One specific issue that Mr. Szalai and others say will come under scrutiny is the definition of the so-called "business judgment rule" - a widely accepted standard of corporate decisionmaking. The rule states that board members have the fiduciary responsibility to act with the shareholders' best interests - generating wealth without compromising the integrity of the company. Business experts say the rule's notions of right and wrong are hard to define. Also unclear is how boards should oversee CEOs, who are often both board members and employees paid to manage.
"This trial will likely become famous in helping to define and articulate this standard," says Daniel Posin, a law professor at Tulane University. "How careful is 'careful enough?' "
Key to assessing the answer are how Disney has expressly delineated its own oversight process between CEO Eisner and board members. Much has already been made of Eisner's alleged failure to consult with board members before offering Ovitz his hefty severance package. Whether he was obligated to, how, and when will be answers the court will likely seek.
While shareholder lawyers claim Ovitz did not deserve $140 million for so little time served, defendant lawyers can hold that making sure one of Hollywood's most powerful men does not leave your company with ill will could be seen as foresight.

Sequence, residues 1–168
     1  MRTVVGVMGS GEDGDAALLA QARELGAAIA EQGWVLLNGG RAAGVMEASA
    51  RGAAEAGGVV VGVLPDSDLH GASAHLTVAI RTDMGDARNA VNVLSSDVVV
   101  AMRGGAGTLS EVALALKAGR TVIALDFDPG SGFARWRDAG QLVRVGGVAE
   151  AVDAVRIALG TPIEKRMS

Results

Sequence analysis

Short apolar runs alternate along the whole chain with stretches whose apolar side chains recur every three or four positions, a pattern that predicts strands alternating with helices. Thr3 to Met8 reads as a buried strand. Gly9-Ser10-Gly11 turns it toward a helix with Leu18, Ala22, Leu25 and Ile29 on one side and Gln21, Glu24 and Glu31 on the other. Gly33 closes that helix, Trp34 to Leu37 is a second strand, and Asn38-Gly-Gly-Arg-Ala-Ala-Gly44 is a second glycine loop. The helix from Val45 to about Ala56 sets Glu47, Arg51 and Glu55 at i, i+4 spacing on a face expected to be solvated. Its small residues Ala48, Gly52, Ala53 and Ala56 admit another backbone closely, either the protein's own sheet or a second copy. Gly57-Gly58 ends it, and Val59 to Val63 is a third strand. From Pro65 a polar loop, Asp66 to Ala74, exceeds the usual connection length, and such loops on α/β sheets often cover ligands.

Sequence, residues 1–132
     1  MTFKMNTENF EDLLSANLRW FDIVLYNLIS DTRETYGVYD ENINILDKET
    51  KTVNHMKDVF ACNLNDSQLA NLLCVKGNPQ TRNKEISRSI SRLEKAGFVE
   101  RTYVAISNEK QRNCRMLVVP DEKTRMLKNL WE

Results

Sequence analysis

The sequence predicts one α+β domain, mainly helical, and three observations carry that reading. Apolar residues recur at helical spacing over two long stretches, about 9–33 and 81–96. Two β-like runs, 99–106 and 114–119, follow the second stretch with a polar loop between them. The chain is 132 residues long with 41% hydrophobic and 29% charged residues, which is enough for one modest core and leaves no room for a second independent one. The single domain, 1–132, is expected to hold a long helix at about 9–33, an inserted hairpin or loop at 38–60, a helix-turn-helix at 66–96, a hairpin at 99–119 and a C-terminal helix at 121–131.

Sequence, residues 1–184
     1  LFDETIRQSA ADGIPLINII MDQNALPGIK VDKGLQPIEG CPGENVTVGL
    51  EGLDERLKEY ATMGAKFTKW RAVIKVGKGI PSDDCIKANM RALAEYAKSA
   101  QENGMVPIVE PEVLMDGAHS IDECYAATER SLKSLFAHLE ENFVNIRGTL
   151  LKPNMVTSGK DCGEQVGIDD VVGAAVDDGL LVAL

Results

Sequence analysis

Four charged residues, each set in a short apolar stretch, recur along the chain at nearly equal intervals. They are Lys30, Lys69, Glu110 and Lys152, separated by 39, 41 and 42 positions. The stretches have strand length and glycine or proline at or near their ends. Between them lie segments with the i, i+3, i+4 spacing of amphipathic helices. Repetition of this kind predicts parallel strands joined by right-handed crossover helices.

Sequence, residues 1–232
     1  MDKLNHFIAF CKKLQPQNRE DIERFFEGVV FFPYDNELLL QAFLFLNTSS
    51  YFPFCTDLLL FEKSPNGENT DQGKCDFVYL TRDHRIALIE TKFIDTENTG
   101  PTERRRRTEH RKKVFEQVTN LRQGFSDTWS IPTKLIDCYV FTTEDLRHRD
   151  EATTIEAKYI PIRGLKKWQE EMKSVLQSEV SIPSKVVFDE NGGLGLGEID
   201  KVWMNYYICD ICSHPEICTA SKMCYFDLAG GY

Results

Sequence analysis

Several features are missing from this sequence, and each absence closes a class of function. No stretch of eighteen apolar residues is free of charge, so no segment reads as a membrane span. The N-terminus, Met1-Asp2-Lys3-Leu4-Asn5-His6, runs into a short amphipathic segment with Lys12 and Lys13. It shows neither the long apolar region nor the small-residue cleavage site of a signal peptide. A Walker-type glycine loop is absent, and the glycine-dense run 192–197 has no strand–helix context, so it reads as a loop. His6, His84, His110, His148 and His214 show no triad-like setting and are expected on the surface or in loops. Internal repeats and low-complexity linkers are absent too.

"Sometimes it might be seen as good judgment to legally cut your losses and realize that sometimes putting money up front would save you in the long run in courts," says David Allan, a marketing professor at St. Joseph's University in Philadelphia who follows the industry.
Keeping other future decisions out of the hands of courts could be another reason for the court to decline to say directors acted in error. "Do we really want courts deciding what went wrong every time a company makes a decision that some shareholder thinks is questionable?" asks Mr. Allan.
If court proceedings get too detailed for comfort, or too ugly, Disney officials may decide to settle out of court.
"Disney is in a legal court at the same time it is in the court of public opinion, at a time when distrust of big American corporations is growing," says Ted Birkhahn, senior partner at Peppercom, a strategic communications agency that advises large corporations. "The company needs to do something to reassure shareholders."